January 31, 2013
Credit: Credit: Lockheed Martin
Tom Burbage, the single, consistent public face of Lockheed Martin’s F-35 program since its inception, is finally retiring, according to program sources.
Burbage retires as the executive vice president and general manager of program integration for the F-35. As such, his primary responsibility has been to keep the international coalition of countries outside the U.S. on track and, where possible, chase new international business.
Stephen O’Bryan is currently working under Burbage as vice president of program integration.
The departure of Burbage will mark a major shift for the program. He was a polarizing figure for the Joint Strike Fighter. Those staunchly behind him say he provided much of the glue that has kept the international coalition together through thick and thin as the F-35 stumbled through numerous cost overruns, technical problems and delays.
Those more critical of his contribution suggest that he was at the forefront of Lockheed Martin’s aggressive sales campaign that overpromised to customers and has, thus far, under delivered.
Regardless, this is certainly in line with a larger changing of the guard at Lockheed Martin. Lockheed’s new CEO, Marillyn Hewson, took over from Robert Stevens at the beginning of the new year. Last year, Larry Lawson, a former F-22 overseer, turned over his role as the company’s program lead to Orlando Carvalho, who previously served as deputy. Lorraine Martin, formerly of the company’s mobility programs, assumed the deputy slot.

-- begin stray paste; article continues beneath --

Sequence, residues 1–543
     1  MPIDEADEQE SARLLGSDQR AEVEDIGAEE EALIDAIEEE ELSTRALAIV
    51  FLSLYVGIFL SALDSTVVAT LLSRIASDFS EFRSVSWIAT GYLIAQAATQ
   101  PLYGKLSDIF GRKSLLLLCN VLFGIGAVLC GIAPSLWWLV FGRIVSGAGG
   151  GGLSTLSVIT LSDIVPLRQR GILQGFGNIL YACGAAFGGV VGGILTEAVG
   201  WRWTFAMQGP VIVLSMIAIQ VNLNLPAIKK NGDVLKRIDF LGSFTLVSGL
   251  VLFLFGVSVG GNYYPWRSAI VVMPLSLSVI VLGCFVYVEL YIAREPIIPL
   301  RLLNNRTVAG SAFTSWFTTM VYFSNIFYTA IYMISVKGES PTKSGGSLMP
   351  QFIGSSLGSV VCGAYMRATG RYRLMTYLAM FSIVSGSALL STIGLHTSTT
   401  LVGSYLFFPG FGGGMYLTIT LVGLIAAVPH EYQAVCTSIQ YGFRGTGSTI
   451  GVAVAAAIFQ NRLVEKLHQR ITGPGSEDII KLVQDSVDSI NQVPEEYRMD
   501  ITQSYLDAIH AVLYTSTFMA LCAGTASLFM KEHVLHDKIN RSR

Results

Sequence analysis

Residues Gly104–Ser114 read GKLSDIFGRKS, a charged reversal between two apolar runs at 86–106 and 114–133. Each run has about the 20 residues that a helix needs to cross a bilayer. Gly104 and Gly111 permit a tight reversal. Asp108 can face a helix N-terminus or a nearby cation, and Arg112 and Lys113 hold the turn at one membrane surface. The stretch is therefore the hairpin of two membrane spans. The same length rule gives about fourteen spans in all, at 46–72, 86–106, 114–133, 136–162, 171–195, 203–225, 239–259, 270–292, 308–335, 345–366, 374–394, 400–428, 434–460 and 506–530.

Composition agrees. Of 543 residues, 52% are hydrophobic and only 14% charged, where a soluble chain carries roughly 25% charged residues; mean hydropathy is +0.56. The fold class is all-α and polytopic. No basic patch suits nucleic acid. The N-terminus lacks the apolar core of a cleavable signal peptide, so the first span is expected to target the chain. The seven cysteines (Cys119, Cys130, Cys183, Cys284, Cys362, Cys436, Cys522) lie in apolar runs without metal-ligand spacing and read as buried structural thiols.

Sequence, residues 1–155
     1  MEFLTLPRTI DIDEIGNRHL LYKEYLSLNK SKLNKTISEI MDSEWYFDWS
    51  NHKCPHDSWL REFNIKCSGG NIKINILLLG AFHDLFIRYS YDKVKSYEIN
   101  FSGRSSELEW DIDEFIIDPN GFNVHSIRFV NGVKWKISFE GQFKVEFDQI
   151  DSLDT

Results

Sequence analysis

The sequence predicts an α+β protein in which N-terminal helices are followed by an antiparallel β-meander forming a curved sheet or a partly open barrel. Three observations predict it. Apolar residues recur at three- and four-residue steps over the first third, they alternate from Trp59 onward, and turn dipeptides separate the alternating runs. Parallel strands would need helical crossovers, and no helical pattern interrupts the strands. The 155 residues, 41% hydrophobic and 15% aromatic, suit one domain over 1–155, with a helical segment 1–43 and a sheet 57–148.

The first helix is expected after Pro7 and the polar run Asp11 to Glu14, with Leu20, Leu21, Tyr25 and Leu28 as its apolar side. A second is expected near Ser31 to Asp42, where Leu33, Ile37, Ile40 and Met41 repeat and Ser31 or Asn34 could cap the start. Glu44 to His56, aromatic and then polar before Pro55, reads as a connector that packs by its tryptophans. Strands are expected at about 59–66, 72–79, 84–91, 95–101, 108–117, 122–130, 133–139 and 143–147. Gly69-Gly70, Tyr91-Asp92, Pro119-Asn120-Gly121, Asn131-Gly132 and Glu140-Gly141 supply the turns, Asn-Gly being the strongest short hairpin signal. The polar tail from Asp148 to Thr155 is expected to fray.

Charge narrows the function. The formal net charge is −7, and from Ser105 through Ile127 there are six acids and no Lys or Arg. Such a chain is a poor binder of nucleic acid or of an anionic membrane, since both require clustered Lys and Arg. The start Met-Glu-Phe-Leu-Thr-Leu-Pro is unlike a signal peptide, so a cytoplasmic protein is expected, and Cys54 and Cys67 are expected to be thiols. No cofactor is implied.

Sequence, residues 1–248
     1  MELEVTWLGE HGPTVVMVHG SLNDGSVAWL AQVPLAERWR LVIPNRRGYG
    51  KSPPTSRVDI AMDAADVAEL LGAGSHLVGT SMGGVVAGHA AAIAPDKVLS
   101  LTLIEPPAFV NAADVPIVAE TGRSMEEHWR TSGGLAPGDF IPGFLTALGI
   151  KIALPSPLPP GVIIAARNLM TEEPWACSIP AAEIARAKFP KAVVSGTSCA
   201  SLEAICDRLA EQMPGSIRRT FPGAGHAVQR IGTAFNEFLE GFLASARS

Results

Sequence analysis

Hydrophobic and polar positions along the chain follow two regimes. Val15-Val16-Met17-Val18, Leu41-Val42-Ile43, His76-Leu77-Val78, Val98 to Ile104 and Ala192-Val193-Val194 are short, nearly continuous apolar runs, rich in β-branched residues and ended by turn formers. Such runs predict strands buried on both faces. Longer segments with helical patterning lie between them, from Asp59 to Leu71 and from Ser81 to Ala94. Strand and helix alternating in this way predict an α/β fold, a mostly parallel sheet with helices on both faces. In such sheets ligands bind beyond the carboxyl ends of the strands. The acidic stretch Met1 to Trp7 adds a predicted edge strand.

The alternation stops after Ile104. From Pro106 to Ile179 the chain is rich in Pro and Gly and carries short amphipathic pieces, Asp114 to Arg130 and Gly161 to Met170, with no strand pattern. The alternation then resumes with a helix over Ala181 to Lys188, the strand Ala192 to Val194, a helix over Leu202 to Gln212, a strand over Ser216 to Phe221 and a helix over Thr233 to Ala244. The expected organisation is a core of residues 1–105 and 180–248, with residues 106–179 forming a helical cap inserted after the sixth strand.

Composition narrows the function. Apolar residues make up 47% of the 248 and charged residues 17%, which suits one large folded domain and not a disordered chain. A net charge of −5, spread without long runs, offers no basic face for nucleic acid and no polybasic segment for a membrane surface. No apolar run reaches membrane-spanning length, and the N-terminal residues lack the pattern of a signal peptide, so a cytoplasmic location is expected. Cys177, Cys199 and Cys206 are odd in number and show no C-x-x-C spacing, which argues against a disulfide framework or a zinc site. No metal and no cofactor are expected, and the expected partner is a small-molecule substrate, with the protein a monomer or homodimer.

Though many of the changes were under way, they come only months after Air Force Lt. Gen. Christopher Bogdan took over as the government program executive officer for the F-35. In the fall, Bogdan publicly chided Lockheed Martin and the government team for having a poor working relationship, and he said he would be willing to replace people unwilling to move forward with the program.
Burbage will continue with the program through March, and the shift reflects his own decision to retire, says Laura Siebert, a company spokeswoman. He will have served with Lockheed Martin for 32 years after making an “immeasurable” contribution to the company’s aeronautics programs, she says.